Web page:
On the September 4th episode of Scientific American’s “60-Second Science” podcast, Karen Hopkins reveals the results of a recent survey done on the perception of cyclist’s rights on the road. The study was conducted by George Hess at the Department of Forestry & Environmental Resources at North Carolina State University. Researchers administered a quick survey to 1,800 volunteers and the survey showed them one of four images: a “share the road” sign, “bicycles may use full lane” sign, an image of a white, painted, bicycle on a paved road, or a street with no signage. They then asked them several questions about their feelings on bike etiquette. The results revealed that the participants were more likely to recognize cyclist’s rights when seeing the “bicycles may use full lane” sign. Strangely, the image of the traditional “share the road” sign had the same effect on participants as the image without any signage.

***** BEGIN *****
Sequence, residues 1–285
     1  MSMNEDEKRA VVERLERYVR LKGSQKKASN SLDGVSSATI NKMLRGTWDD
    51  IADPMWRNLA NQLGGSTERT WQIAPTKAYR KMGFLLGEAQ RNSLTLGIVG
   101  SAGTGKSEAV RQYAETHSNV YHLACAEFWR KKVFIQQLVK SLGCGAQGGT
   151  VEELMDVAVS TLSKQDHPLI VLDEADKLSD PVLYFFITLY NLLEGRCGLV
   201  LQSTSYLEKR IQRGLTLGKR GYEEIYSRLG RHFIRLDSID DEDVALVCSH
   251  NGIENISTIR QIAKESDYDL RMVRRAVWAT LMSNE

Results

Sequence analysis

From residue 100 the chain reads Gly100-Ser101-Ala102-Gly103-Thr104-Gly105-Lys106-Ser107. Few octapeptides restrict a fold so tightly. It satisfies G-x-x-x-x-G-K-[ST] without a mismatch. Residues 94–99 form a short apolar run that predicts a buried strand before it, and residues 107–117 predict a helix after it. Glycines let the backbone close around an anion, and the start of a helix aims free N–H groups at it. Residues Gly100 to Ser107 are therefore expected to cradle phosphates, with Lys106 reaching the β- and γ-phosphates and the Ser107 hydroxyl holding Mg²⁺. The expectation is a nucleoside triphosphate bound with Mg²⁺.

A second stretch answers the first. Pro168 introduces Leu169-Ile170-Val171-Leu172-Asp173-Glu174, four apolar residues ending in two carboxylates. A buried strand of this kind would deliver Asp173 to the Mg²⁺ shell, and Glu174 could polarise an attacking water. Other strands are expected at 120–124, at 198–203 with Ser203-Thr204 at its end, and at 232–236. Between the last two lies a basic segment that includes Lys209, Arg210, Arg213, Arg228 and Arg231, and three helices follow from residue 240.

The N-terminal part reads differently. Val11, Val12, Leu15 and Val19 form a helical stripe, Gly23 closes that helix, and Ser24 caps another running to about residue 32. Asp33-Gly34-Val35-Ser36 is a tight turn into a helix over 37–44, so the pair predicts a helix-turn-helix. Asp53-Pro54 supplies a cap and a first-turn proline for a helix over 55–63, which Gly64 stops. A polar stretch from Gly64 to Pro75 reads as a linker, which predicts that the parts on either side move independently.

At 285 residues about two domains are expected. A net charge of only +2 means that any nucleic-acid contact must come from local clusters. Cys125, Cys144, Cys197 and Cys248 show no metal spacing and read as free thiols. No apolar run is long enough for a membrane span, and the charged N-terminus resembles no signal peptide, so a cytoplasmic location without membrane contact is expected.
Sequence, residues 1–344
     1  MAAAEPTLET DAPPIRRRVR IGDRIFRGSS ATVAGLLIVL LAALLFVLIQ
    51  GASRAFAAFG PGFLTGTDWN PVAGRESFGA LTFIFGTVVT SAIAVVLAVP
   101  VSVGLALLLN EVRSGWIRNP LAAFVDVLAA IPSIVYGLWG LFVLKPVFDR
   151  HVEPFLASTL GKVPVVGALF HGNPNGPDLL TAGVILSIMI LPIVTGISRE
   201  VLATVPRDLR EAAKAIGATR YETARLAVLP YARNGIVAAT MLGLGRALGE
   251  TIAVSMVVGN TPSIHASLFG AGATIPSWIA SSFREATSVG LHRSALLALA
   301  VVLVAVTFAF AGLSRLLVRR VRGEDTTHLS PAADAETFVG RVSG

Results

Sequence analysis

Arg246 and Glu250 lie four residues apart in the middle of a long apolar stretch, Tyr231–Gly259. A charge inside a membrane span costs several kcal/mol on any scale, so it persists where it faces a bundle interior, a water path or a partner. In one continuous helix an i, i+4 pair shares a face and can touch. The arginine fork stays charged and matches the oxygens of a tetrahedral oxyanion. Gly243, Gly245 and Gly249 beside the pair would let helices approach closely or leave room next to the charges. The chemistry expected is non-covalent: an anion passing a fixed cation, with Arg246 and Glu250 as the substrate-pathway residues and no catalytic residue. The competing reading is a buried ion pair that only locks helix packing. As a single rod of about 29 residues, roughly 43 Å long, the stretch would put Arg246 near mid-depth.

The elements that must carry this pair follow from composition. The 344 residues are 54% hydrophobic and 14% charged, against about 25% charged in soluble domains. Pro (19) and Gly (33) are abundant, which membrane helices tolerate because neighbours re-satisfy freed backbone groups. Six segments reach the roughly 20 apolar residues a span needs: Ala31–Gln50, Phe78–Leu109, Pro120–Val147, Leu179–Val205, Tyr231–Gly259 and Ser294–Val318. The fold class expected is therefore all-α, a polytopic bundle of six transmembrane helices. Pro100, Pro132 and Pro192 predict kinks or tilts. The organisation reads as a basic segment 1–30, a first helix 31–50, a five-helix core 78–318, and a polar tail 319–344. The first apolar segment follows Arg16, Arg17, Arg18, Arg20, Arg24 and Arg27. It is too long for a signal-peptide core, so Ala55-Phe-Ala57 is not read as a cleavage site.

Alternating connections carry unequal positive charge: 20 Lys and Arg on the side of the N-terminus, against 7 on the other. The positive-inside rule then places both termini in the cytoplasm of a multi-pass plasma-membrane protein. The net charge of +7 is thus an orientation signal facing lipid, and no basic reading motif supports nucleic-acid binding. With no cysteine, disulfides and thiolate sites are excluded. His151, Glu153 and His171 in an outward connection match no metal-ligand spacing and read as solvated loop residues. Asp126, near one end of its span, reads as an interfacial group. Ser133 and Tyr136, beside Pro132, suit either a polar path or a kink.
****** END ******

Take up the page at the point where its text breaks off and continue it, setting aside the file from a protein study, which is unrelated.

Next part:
“Bicycles May Use Full Lane” Signage Communicates U.S. Roadway Rules and Increases Perception of Safety
George Hess, M. Nils Peterson